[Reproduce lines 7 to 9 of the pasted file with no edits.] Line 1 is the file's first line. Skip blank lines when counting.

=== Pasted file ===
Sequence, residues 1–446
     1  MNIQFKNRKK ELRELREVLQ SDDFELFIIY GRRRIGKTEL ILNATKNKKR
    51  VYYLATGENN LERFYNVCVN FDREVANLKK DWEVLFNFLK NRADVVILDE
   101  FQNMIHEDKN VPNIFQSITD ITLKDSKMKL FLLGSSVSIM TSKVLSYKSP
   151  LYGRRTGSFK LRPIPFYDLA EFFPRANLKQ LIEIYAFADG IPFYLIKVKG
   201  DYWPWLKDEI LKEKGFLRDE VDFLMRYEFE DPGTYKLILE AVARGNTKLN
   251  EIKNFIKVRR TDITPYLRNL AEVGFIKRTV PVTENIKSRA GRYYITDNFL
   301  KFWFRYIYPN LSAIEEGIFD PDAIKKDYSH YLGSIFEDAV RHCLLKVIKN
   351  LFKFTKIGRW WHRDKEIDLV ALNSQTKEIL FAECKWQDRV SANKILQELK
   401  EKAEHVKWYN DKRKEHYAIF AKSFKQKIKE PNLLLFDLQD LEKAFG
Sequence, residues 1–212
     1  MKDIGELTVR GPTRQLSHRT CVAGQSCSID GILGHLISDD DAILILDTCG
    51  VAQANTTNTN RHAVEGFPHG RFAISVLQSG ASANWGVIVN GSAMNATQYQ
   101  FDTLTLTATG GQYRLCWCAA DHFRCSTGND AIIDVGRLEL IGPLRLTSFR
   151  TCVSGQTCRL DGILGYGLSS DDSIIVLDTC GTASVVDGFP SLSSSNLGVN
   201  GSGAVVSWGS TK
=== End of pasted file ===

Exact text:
   251  EIKNFIKVRR TDITPYLRNL AEVGFIKRTV PVTENIKSRA GRYYITDNFL
   301  KFWFRYIYPN LSAIEEGIFD PDAIKKDYSH YLGSIFEDAV RHCLLKVIKN
   351  LFKFTKIGRW WHRDKEIDLV ALNSQTKEIL FAECKWQDRV SANKILQELK